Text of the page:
“Truth and beauty” is what Jean Brodie claims she is teaching her students. To challenge her students to appreciate the romantic qualities of even ghastly historical events seems to be a goal. But what she means by “truth” is not necessarily empirical facts. Beauty is truth, Miss Brodie adamantly believes. Even war is an aspect of “beauty” because people die heroically. It doesn’t matter what the reason or cause is as long as passionate feelings can be engaged in the presentation of the lesson.

At one point in the film Jean is called to the head mistress’s office to explain her teaching methods. The head mistress suspects—and rightly so—that Jean is not giving her students the standard information regarding the subject matter. Miss Brodie argues that the meaning of education comes from the Latin word “e-ducare” which means to lead out of.  Her job, she believes, is to elicit her students’ inherent love of learning.  She seeks to stimulate her students’ inherent capacity to see macro and micro events, especially of war, as an art form.  A scene on the battlefield in Spain is to be admired as one appreciates a Giotto painting.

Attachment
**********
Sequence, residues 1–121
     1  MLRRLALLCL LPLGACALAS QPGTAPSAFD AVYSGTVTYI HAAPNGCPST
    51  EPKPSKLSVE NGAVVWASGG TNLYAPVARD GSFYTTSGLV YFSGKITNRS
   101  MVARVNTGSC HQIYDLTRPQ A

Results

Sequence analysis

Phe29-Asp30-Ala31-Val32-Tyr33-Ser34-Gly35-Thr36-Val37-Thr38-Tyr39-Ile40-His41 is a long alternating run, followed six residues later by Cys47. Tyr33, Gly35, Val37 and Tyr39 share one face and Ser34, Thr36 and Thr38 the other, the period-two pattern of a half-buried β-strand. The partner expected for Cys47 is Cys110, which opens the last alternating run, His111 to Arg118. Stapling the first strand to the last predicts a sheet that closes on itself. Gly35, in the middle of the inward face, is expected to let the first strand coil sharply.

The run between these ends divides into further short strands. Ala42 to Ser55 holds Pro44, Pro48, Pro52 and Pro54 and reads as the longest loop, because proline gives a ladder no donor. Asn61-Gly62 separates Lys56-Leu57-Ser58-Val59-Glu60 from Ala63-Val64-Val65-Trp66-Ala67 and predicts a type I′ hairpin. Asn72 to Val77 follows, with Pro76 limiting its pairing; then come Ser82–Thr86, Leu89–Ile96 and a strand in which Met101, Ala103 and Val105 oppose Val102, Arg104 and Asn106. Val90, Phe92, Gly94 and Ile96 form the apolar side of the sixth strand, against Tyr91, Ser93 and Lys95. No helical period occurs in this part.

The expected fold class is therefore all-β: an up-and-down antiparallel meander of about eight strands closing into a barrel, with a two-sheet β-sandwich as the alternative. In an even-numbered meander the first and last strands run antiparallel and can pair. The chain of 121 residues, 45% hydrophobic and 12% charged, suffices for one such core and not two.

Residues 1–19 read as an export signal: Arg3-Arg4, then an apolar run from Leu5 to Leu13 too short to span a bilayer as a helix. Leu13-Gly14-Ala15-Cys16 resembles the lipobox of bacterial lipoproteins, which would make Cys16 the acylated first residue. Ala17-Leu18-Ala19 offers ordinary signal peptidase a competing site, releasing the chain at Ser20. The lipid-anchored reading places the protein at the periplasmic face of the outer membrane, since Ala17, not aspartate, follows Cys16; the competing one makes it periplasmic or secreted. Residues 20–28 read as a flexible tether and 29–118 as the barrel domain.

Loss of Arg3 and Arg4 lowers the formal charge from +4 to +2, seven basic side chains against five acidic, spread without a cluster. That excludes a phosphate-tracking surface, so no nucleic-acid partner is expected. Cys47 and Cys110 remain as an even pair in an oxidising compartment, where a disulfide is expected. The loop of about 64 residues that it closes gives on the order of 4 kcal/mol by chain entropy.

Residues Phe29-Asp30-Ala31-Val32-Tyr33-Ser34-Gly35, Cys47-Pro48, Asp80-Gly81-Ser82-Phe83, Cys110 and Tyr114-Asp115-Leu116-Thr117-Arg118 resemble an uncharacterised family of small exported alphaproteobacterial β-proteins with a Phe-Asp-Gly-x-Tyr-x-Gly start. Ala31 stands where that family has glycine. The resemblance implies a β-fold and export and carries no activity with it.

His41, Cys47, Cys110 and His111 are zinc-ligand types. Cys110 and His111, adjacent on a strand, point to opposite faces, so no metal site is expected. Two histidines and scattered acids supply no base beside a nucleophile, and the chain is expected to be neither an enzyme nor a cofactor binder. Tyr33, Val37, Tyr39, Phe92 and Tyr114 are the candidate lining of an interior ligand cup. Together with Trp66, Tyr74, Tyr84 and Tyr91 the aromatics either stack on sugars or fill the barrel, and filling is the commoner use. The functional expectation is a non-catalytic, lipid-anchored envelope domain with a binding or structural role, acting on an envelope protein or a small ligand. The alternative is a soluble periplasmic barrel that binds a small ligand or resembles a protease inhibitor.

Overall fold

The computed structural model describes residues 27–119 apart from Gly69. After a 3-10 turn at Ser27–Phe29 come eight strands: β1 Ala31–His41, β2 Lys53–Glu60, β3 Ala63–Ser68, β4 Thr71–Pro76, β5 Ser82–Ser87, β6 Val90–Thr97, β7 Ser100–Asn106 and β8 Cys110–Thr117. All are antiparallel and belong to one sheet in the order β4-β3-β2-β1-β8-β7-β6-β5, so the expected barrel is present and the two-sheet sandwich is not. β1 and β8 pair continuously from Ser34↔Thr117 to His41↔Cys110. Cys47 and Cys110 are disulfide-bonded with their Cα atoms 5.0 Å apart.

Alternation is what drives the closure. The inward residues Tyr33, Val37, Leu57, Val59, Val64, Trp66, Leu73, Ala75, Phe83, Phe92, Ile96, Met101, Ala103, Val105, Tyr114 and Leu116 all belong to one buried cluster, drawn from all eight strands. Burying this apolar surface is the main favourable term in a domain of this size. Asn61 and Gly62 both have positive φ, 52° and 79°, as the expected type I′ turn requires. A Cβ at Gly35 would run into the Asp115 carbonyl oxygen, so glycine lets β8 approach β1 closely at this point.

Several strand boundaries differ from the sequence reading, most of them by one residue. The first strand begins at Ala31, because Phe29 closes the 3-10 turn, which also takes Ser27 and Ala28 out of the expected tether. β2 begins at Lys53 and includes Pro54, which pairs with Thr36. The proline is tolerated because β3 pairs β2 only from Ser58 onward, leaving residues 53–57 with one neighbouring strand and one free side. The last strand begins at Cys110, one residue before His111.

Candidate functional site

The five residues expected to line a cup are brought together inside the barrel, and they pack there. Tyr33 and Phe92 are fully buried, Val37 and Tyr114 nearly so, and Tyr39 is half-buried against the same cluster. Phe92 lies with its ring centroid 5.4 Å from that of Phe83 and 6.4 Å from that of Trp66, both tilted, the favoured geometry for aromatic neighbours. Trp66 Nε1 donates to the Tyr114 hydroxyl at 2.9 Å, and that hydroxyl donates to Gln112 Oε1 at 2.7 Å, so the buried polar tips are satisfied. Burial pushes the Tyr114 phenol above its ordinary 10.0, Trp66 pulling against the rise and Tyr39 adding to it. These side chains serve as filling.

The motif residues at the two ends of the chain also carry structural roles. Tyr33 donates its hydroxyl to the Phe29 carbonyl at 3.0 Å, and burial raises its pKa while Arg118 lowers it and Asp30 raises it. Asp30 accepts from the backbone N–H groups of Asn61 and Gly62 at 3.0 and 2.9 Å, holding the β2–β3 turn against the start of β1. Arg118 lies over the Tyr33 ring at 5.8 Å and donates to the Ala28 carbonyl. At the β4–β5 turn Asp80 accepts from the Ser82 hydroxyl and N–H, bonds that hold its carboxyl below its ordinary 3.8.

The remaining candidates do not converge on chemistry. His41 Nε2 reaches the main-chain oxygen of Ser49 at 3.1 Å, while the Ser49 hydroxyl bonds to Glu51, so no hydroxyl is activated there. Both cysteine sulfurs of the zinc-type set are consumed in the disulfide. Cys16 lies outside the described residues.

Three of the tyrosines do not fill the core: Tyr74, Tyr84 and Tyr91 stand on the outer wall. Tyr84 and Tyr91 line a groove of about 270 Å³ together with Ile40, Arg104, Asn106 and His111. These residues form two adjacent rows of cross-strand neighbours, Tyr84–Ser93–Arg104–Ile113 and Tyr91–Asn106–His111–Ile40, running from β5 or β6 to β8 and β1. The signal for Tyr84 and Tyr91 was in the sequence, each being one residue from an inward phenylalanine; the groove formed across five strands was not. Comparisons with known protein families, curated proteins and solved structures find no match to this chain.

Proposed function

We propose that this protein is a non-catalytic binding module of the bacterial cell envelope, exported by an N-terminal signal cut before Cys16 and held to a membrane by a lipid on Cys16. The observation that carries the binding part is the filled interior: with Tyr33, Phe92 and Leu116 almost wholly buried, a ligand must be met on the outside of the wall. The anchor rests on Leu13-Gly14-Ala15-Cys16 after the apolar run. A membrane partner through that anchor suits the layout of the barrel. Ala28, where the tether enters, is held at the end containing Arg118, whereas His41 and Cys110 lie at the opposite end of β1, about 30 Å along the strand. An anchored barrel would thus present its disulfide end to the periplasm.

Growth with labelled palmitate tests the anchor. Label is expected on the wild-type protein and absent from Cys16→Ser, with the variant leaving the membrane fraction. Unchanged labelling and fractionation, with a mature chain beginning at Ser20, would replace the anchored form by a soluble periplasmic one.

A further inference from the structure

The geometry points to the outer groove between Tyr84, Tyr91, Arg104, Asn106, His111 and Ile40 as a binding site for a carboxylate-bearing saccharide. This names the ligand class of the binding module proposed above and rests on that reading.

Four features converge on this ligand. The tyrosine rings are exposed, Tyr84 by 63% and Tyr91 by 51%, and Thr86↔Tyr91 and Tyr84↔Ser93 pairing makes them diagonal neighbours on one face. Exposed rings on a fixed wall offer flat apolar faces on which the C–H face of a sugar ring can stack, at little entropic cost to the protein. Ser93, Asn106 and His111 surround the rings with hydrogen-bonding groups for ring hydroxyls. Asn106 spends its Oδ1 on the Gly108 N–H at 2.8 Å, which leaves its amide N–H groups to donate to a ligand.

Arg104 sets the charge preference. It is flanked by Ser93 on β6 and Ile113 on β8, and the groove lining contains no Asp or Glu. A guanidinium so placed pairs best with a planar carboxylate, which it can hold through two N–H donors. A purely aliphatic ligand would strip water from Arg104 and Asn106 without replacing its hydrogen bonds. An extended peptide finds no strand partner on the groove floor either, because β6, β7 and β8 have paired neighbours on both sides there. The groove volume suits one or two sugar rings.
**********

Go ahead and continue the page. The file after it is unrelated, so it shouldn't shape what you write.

Throughout the movie Jean keeps telling her students they are the “crème de la crème.”  When she asks Mary, a new student at the beginning of the semester what her interests are the student says she doesn’t have any.  Miss Brodie promptly tells her she will give her interests. Later in the school year that same student goes off to fight for Franco in the Spanish Civil War after Jean had told the class that one is not fully living until one is engaged in major social and political events, events which elicit passionate responses. The student drops out of school and join’s Franco’s fascist army. She gets killed before the school year is over. (Jean has obviously omitted discussing with her students the moral purpose of the war in the first place.)